SubScribe is even less of a fan of newspapers with entrenched ideas. An open mind is an essential part of a journalist's make-up. Approaching any subject with preconceived ideas is likely to lead to important nuances being missed or overlooked.
The Daily Mail has ranted loud and long about Leveson, the royal charter, the Guardian's role in unearthing the hacking scandal and about Hacked Off.
On Sunday, its sister paper splashed on the fact that Kent Police had used the Regulation of Investigatory Powers Act (Ripa) to trawl through phone records and uncover the identity of the source of the Chris Huhne speeding ticket story. This was even though a judge had ordered that the source should remain anonymous.
Press Gazette has for more than a month been seeking signatures on a petition to stop police using this act to spy on journalists. The Save Our Sources campaign began after the disclosure that the Met had gone through the Sun political editor's phone records to discover whose leak started the Plebgate scandal.
SubScribe would hazard a guess that Littlejohn is no supporter of Hacked Off. But he doesn't mention the organisation in this column. It's appearance in the heading is hardly likely to have been the work of a lowly sub, rather to have been dictated from above. As it happens, Hacked Off is standing four square alongside the Mail on this.
Dr Evan Harris, associate director of the organisation, stood up at the Liberal Democrats' conference in Glasgow yesterday and persuaded his party to adopt a policy of creating public interest defences in law to protect responsible journalism.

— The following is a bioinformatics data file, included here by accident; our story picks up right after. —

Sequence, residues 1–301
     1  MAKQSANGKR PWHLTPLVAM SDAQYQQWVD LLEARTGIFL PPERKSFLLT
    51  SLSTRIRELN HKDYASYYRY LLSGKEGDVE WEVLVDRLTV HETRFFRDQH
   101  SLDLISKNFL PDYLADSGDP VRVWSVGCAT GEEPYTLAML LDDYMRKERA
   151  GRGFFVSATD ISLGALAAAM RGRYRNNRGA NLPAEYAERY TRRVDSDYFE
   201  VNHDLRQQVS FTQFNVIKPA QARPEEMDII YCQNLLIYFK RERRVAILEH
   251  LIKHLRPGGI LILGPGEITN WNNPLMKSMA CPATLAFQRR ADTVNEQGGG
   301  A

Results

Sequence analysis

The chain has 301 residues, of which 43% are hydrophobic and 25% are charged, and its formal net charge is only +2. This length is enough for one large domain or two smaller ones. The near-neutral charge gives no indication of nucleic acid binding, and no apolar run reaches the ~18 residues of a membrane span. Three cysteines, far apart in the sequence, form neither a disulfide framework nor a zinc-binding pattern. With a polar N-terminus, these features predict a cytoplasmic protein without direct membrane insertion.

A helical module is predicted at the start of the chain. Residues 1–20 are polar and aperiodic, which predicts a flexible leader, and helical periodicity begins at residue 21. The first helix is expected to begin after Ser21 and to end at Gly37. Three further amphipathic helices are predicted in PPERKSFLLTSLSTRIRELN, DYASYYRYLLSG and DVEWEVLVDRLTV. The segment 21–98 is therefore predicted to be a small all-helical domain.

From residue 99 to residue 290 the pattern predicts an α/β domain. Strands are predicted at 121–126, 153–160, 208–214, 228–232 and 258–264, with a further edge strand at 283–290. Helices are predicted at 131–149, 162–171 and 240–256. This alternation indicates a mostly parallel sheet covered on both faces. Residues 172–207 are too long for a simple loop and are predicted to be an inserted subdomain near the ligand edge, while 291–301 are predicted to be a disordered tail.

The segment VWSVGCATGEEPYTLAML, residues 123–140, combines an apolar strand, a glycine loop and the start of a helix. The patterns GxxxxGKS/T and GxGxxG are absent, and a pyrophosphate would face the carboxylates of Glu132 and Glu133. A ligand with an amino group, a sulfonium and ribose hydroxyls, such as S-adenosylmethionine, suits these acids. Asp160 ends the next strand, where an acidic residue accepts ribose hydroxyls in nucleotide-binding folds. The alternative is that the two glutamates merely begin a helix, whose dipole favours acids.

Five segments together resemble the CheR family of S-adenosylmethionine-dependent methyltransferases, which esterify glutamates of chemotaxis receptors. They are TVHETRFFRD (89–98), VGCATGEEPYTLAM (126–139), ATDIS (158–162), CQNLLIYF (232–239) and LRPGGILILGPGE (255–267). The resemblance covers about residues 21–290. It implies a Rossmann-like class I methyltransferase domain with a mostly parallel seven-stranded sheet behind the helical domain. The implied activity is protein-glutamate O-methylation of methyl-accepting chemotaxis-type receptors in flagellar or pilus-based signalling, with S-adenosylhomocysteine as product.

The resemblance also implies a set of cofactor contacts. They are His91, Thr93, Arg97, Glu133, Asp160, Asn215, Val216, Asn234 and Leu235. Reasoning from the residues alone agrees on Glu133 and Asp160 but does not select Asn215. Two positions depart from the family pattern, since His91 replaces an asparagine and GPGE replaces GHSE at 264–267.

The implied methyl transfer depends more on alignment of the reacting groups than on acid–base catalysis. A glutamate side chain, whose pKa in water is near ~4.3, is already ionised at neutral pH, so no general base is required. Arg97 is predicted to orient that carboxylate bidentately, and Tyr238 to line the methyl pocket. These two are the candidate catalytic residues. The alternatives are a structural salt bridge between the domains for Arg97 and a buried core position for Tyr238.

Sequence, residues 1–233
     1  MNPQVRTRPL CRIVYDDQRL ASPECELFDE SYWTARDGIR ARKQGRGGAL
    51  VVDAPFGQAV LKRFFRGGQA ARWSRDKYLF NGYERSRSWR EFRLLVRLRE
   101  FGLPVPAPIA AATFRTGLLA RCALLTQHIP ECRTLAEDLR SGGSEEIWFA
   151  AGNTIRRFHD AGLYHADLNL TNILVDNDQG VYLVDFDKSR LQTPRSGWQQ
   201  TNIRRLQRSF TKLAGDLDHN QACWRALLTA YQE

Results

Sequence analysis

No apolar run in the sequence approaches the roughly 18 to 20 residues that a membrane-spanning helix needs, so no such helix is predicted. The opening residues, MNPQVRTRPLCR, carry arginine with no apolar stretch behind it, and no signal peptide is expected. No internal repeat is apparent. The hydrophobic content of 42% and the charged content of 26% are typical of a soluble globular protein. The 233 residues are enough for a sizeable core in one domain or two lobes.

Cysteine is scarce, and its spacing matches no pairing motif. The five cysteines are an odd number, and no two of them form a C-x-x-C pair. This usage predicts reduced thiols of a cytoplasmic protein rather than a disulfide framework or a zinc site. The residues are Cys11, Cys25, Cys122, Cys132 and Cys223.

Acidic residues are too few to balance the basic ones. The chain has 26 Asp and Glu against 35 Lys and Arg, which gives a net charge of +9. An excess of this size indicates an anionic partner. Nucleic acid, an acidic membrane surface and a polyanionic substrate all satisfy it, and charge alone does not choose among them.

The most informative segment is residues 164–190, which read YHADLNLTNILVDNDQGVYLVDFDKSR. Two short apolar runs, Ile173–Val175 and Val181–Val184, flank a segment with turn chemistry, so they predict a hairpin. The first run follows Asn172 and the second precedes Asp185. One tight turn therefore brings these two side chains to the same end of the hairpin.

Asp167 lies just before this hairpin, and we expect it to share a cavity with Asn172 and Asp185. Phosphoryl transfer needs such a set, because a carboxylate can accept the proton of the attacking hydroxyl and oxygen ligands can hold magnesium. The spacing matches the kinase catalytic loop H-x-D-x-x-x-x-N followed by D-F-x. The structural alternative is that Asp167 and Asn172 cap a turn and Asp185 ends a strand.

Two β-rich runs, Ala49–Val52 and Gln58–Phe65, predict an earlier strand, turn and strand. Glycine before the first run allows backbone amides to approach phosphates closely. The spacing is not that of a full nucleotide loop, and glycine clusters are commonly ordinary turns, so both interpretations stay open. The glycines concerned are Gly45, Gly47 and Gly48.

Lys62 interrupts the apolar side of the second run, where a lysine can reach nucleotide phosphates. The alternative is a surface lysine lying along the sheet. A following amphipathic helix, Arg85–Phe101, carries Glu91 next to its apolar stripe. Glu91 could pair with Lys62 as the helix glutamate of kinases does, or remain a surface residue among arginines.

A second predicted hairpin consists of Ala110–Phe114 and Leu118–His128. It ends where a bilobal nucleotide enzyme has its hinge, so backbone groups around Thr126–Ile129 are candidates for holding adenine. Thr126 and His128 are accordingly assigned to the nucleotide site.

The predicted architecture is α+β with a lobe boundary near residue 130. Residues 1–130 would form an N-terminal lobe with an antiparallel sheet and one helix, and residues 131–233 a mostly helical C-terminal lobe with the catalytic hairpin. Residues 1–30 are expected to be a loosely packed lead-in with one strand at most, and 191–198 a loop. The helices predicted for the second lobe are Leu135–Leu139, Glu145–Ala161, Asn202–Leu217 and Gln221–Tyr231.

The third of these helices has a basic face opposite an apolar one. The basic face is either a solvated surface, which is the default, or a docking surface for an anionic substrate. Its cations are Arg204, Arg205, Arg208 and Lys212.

Harris, a former LibDem MP, said that his party's ministers should do more to enhance, improve and protect press freedom, particularly in relation to investigative and public interest journalism. He pointed to various examples where this might work:
First is RIPA, and the lack of safeguards for journalistic material, including confidential sources and indeed for legally privileged material. The report of Operation Alice into the Plebgate affair
revealed...that the police had got the phone records, both the mobile phone and the desk phone, from Tom Newton-Dunn, the political editor at The Sun...
There is no judicial oversight or indeed any oversight for
the police for that decision. The police authorised themselves to do that, something they...should not be allowed to do. There must be greater safeguards.
The second area dealt with in this amendment are public interest defences. For example in the Computer Misuse Act, which would mean that when Sky News hacked into the computer of the "canoe man", who you may remember faked his death to get insurance money, they would not
have been threatened with the chilling impact of a police investigation.
Similarly with the Bribery Act. The Sun...ran an operation to expose fraud at a magistrates' court where a clerk was letting people off speeding tickets. And they ran the risk of a police investigation because they were effectively breaking the Bribery Act and had no statutory defence.
If the News of the World, instead of their thousands of innocent victims of hacking, had hacked the phone of Jimmy Savile to expose him when the police were failing to do so, then they should not have faced for that example the threat of a police investigation. But there is no public interest defence.
This is not the first time Harris's addresses to conference have attracted the Sun's attention. Three years ago it wrote:
A women's think-tank yesterday blasted the Lib Dems for plotting war on Page 3 — and hailed The Sun’s curvy babes as role models.The party’s po-faced conference motion this week to stop shopkeepers selling The Sun before a 9pm “watershed” was condemned by the organisation WomenOn.
The group said of the crusade led by Evan Harris: “Where should it stop? Should we ban all photos of people lest someone somewhere finds them attractive?”
Ex-MP Dr Harris brandished photos of topless Page 3 models on Monday as he ranted against “sexualised images” in newspapers and lads’ mags.
His potty idea for a TV-style watershed to restrict when publications can be sold is now official Lib Dem policy. WomenOn said it “smacks of desperation”.
Or maybe it's a case of "my enemy's enemy is my friend"?